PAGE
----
Once upon a time, in the beautiful wide web of the internet, there arose a day where, for one brief but glorious 24 hours, social media feeds blossomed with verses arranged like delicate cherry blossom petals. I present to you, dear reader, the story of National Haiku Day.
It's national haiku day on the 17th April.
Oh, National Haiku Day, what a special day you are! Born out of love for this intricate Japanese poetry form, the day aims to encourage everyone to try their hand at composing haikus. This day celebrates the art that's all about expressing a whole universe in a droplet, or for less poetic folks, in 17 syllables. The first traces of the National Haiku Day began appearing in digital form around the mid-2000s, and there’s been a steady stream of 5-7-5 syllable goodness each subsequent year.
As our data suggests, on April 17th, 2017, the internet became a giant Haiku slam. With 3112 delightful mentions, cyberspace echoed the soft 'clickety-clack' of keyboards typing out eloquent observations in form of haikus. The haikus ranged from delightful musings about the morning coffee to profound thoughts about the nature of existence.
Admittedly, creating a haiku can be a tad challenging. But that’s the beauty of it, it invites you to play with language and craft a world in three simple lines. National Haiku Day is not confined to poets or literary enthusiasts. Whether you’re a sports fan, a foodie or a hopeless romantic, everyone is encouraged to swim in this sea of creativity.
In the 12th century, a poetic form called Haikai no renga emerged in Japan. Haikai no renga was a collaborative poem composed of linked verses written by multiple poets. These verses were often witty and humorous, deviating from the more serious and formal style of traditional Japanese poetry.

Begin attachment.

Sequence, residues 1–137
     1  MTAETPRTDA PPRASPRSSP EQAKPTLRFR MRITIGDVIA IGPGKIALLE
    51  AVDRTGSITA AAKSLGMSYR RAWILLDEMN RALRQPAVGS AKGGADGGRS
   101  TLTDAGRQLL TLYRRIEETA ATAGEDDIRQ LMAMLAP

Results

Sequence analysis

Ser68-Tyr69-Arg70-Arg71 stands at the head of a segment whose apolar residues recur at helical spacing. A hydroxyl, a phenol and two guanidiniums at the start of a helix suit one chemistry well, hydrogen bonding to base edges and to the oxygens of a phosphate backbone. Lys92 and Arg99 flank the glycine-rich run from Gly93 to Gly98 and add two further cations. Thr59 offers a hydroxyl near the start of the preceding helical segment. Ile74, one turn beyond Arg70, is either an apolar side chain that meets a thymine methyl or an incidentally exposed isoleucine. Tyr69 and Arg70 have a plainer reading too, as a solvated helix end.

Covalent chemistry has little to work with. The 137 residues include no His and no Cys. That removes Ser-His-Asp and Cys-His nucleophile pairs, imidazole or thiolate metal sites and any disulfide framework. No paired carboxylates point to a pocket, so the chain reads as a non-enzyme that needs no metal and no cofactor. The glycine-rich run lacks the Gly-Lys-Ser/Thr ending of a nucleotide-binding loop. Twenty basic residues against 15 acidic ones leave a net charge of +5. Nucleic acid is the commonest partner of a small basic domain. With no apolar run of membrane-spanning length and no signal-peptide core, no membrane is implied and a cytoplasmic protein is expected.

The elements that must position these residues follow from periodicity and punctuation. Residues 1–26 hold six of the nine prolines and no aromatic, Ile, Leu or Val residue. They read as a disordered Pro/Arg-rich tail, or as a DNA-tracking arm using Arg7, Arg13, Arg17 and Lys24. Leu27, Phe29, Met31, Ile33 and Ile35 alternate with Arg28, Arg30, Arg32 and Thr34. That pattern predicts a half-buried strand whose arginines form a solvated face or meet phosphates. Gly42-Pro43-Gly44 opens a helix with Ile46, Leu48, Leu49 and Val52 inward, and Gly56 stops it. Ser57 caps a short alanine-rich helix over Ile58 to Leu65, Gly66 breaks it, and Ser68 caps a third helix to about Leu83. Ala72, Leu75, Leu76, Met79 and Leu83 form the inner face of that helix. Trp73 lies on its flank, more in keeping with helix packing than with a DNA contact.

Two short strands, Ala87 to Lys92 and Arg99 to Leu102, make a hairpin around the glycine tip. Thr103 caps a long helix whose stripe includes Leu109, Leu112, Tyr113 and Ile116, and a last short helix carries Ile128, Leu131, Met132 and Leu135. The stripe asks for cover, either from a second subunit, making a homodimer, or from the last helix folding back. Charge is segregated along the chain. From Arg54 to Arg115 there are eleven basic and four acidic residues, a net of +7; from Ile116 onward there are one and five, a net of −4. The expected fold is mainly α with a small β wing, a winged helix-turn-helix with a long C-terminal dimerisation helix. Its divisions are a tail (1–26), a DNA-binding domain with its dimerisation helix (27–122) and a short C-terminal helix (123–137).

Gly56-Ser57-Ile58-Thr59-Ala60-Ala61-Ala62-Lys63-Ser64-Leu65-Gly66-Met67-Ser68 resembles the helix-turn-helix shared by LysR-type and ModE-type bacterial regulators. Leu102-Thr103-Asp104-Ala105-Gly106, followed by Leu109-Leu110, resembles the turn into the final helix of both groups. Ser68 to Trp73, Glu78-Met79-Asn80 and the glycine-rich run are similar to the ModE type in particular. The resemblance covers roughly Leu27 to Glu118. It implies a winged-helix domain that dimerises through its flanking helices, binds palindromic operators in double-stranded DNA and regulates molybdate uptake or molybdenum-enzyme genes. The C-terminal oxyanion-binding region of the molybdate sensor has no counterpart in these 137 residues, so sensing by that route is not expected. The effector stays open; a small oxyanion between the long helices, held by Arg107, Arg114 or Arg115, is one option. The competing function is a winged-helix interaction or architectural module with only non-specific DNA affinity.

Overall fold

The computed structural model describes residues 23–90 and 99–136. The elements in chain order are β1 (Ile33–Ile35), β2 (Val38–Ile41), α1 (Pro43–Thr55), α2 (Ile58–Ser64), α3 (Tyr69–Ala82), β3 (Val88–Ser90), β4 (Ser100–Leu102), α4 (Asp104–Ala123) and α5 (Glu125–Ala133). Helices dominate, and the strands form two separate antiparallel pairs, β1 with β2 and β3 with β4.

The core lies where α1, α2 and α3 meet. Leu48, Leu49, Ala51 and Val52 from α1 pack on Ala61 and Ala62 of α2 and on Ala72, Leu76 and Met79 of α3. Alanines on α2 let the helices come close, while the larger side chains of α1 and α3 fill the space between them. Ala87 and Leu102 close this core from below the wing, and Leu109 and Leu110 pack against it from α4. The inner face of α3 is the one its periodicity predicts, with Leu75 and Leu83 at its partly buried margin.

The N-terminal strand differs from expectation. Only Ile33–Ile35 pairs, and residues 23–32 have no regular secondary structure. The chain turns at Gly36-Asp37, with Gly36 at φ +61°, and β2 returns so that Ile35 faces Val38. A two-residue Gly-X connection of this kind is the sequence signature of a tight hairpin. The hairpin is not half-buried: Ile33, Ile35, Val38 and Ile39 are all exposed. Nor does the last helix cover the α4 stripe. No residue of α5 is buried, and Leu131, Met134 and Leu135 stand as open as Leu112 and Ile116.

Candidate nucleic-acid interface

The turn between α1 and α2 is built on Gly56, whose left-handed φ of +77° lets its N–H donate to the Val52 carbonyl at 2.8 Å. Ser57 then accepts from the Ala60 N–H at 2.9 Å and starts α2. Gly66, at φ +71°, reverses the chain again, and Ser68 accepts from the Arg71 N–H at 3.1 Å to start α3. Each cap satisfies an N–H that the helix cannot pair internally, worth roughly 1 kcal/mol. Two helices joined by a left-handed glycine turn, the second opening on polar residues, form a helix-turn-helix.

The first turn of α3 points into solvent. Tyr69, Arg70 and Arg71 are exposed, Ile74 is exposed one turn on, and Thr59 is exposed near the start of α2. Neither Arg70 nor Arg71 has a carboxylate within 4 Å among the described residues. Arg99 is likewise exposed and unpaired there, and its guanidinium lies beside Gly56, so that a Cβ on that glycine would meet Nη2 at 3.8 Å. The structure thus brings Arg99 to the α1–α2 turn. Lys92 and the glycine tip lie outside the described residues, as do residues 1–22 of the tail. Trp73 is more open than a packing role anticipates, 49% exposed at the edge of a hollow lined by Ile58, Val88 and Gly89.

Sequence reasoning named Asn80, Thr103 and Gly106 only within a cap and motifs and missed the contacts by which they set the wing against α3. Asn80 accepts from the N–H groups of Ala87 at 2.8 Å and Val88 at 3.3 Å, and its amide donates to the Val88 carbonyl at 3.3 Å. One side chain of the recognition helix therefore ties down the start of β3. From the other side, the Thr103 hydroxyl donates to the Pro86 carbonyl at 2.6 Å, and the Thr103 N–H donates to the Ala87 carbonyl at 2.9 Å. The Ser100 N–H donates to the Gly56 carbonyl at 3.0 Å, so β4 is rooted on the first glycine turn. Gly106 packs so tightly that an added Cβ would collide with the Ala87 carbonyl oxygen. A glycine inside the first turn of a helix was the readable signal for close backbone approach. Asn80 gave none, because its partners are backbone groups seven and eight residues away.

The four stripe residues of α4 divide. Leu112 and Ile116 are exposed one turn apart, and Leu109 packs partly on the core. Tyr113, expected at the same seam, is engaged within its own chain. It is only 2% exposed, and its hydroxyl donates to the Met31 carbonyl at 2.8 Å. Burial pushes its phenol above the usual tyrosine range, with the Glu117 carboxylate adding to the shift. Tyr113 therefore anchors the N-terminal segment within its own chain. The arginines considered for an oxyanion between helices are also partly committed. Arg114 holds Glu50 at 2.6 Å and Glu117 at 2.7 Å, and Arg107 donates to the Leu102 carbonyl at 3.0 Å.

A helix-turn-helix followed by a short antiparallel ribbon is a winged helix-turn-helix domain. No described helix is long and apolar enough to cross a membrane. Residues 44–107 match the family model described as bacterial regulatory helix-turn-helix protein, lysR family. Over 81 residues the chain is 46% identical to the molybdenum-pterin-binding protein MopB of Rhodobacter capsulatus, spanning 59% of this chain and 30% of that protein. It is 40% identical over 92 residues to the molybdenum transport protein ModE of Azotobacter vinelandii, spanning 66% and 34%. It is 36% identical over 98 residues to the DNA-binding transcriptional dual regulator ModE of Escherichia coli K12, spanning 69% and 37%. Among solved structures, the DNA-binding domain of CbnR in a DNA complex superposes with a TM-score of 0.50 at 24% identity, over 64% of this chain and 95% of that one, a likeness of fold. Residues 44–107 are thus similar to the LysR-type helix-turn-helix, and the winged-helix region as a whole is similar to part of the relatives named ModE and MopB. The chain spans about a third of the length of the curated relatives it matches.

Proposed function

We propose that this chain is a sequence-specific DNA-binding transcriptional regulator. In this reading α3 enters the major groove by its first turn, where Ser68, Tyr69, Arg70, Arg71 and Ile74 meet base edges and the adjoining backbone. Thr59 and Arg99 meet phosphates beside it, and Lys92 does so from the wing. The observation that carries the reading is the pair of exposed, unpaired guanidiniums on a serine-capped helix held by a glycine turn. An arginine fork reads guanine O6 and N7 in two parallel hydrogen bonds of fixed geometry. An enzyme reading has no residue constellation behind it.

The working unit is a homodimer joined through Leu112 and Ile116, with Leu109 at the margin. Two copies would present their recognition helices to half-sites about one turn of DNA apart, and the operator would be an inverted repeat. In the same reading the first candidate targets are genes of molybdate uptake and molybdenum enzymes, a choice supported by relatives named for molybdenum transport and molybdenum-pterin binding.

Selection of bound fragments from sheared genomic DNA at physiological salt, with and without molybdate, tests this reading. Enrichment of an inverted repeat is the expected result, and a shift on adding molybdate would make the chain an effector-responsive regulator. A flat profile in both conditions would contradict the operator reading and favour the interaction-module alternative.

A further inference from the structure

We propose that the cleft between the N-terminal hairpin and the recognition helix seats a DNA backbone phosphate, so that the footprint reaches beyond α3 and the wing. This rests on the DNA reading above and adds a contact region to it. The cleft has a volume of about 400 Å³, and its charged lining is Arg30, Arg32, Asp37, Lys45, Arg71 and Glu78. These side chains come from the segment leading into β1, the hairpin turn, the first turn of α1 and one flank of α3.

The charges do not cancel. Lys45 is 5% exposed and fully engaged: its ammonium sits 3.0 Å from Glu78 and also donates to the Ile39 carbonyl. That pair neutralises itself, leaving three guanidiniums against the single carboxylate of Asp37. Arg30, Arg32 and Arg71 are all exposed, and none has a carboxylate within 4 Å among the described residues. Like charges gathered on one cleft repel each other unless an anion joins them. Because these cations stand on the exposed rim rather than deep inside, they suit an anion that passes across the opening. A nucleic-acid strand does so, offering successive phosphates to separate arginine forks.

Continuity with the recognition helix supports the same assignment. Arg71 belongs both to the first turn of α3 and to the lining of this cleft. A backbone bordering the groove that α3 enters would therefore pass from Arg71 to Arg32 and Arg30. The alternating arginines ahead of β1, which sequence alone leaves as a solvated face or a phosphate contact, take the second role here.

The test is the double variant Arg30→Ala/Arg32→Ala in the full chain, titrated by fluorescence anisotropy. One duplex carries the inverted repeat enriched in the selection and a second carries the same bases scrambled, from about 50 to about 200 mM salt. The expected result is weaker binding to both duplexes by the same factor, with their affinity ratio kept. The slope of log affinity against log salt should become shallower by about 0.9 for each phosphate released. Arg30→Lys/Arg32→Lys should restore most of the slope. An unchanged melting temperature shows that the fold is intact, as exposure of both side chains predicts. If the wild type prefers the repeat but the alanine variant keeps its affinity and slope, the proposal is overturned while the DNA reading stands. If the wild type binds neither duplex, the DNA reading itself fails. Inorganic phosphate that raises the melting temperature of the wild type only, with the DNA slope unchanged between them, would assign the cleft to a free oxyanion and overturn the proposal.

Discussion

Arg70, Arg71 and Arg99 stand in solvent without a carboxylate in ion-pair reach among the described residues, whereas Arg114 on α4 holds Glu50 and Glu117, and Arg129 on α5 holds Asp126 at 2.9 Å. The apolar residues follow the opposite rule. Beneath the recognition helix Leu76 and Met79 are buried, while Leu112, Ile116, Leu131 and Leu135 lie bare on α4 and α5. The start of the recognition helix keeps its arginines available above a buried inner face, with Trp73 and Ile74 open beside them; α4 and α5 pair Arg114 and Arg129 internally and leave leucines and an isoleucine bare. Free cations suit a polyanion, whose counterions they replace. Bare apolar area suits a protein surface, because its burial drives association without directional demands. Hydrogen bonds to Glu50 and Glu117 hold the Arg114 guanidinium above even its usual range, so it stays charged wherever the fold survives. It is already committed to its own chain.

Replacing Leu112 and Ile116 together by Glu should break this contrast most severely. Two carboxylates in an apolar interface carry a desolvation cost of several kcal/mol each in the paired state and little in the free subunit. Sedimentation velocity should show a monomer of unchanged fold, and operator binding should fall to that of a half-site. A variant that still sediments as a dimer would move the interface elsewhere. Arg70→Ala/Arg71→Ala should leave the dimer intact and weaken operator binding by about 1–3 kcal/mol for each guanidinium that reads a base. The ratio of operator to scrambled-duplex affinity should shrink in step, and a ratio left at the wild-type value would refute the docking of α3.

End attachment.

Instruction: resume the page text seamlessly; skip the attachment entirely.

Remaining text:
During the 16th century, the poet Matsuo Basho became a prominent figure in the world of Haikai no renga. His skillful writing and ability to evoke powerful imagery within the constraints of the form gained him recognition. His haikai verses began to stand out on their own, and this marked a shift toward the standalone haiku as a distinct form of poetry.
In the 19th century, haiku gained recognition as an independent poetry style. The influential poet Masaoka Shiki played a significant role in popularizing haiku. Shiki advocated for the use of a simpler and more observational style, emphasizing the connection with nature and everyday life. His efforts helped establish the three-line structure of a haiku: five syllables in the first line, seven in the second, and five in the third.
In the 20th century, haiku started to gain popularity outside of Japan. Translations allowed people from different cultures to appreciate the form's beauty. Haiku societies and journals began to form around the world, promoting the reading, writing, and appreciation of haiku. This helped foster a global community of haiku enthusiasts and further established the influence of haiku as a unique form of poetry.
In the 21st century, haiku has found a new home on the internet. Social media platforms and online forums have become hubs for haiku enthusiasts to share and discuss their work. Digital platforms provide a space for the continuous evolution and experimentation within the haiku tradition. Today, haiku remains an enduring form of poetry, celebrated for its brevity, simplicity, and ability to capture profound moments.
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